Although the federal government has previously prohibited the requirement that project labor agreements (“PLAs”) be used on federally-funded projects (see Executive Order 13202, signed by President Bush), on February 6, 2009, President Obama issued Executive Order 13502 (“E.O.”), revoking the prior Bush Executive Order and declaring that executive agencies awarding contracts on “large scale construction projects” (i.e., greater than $25 million) “may, on a project by project basis, require the use of a project labor agreement” by a contractor, which will have the effect of binding all subcontractors on the project as well.
While the E.O. was effective immediately upon its signing, on April 13, 2010, the Federal Acquisition Regulation (“FAR”) Council issued its final rule implementing the same. Pursuant to the E.O., federal agencies are “encouraged” to consider the use of PLAs, “as they may decide appropriate…in order to promote economy and efficiency in Federal procurement.”
In effect, according to this rule, federal agencies can require that every contractor and subcontractor on a particular project agree to negotiate or become a party to a PLA if the agency decides that use of the PLA will (1) advance the government’s interest in achieving economy and efficiency in federal procurement, producing labor-management stability, and ensuring compliance with laws and regulations governing safety and health, equal employment opportunity, labor and employment standards, and other matters; and (2) be consistent with the law.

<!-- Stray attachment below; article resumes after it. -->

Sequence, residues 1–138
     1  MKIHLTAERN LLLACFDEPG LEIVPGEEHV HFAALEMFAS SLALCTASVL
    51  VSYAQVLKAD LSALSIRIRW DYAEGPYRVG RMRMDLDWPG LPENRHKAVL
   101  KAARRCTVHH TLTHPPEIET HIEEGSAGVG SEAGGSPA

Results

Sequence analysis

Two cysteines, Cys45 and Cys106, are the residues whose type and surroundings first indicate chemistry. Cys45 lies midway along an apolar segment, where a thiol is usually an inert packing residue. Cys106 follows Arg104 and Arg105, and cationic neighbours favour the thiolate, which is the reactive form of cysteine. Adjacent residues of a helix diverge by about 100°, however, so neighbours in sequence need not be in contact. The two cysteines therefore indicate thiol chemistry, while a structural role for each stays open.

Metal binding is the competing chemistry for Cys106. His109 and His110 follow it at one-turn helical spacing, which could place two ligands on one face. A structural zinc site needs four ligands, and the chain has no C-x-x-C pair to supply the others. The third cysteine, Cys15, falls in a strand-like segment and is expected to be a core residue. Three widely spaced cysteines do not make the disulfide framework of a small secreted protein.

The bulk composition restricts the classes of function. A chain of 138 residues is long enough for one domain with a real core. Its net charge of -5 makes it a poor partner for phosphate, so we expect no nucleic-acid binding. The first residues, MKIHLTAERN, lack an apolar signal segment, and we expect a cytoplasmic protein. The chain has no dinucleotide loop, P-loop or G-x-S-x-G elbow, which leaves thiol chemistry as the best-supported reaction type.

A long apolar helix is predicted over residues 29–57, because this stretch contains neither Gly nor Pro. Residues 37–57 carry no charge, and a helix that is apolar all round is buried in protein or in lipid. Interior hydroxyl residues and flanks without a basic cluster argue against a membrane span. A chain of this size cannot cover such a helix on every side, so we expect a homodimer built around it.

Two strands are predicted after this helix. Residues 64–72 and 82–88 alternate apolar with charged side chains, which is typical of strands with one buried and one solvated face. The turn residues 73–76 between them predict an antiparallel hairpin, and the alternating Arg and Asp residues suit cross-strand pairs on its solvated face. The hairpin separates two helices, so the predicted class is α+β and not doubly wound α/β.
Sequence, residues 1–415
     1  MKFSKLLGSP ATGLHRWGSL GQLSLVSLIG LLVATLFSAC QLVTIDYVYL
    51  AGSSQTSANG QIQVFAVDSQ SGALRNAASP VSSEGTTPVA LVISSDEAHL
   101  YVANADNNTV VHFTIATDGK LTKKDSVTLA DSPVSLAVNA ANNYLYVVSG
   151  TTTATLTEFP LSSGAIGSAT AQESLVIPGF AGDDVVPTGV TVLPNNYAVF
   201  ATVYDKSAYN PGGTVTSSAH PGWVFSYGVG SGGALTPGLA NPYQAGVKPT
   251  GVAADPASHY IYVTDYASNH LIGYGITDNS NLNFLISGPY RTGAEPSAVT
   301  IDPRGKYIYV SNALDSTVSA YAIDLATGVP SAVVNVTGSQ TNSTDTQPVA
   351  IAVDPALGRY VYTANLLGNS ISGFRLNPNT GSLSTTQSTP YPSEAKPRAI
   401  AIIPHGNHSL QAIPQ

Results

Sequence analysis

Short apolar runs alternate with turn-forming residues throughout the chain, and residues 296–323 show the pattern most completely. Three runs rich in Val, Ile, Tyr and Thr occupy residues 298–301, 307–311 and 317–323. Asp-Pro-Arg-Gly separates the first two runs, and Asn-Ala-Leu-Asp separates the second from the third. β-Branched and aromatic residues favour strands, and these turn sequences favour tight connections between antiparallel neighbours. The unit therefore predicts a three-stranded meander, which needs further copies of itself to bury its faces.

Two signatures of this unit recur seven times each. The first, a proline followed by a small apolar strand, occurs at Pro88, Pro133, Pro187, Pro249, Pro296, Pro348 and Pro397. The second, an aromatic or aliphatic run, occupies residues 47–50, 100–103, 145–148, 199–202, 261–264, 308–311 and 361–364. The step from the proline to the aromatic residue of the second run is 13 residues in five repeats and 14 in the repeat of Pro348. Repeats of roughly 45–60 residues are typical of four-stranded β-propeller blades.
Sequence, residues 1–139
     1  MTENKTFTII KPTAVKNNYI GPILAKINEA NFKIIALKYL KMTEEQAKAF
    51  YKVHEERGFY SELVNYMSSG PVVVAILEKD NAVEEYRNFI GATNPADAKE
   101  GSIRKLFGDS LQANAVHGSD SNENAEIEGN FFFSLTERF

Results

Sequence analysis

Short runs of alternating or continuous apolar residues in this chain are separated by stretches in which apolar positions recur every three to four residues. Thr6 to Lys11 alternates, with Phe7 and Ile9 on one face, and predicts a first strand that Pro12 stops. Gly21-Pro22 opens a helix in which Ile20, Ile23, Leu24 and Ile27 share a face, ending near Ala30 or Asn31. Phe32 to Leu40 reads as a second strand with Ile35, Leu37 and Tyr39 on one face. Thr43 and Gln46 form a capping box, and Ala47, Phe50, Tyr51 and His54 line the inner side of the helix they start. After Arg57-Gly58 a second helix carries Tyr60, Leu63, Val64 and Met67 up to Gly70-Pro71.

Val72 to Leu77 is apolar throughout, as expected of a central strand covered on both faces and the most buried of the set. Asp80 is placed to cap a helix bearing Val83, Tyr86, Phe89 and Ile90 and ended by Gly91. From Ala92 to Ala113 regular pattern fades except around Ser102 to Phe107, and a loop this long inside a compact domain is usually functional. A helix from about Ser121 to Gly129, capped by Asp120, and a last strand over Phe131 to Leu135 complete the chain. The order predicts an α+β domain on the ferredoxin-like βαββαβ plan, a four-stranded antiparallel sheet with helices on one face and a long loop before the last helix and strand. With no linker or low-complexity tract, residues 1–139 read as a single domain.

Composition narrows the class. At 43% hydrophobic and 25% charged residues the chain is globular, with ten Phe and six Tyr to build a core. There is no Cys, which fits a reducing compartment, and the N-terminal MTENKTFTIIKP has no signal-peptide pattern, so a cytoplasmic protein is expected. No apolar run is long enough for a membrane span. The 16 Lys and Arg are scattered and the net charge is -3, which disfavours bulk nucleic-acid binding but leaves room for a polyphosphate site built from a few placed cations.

According the FAR Council’s final rule, certain minimum requirements and standards must be met by Federal agencies when using PLAs. Specifically, the PLA must (1) bind all contractors and subcontractors through the inclusion of appropriate specifications in all relevant solicitation provisions and contract documents; (2) allow all contractors and subcontractors to compete for contracts and subcontracts without regard to whether they are otherwise parties to collective bargaining agreements; (3) contain guarantees against strikes, lockouts, and similar job disruptions; (4) set forth effective, prompt, and mutually binding procedures for resolving labor disputes arising during the PLA; (5) provide other mechanisms for labor-management cooperation on matters of mutual interest and concern, including productivity, quality of work, safety, and health; and (6) fully conform to all statutes, regulations, and executive orders.
In terms of the practical effects of this final rule issued by the FAR Council, federal agencies are now given broad discretion in considering the appropriateness of a PLA on a given project. While neither the E.O. nor the final rule require federal agencies to consider certain factors, they also do not limit the consideration of a number of factors. Such factors include the following:
(1) The lack of a permanent workforce, thereby making it difficult both to predict labor costs when bidding on contracts and to ensure a steady supply of labor on contracts being performed;
(2) The involvement of multiple contractors and subcontractors at a single project location;
(3) The potential for a labor dispute involving one or more contractors, which could delay the entire project;
(4) The potential lack of coordination among various contractors and subcontractors;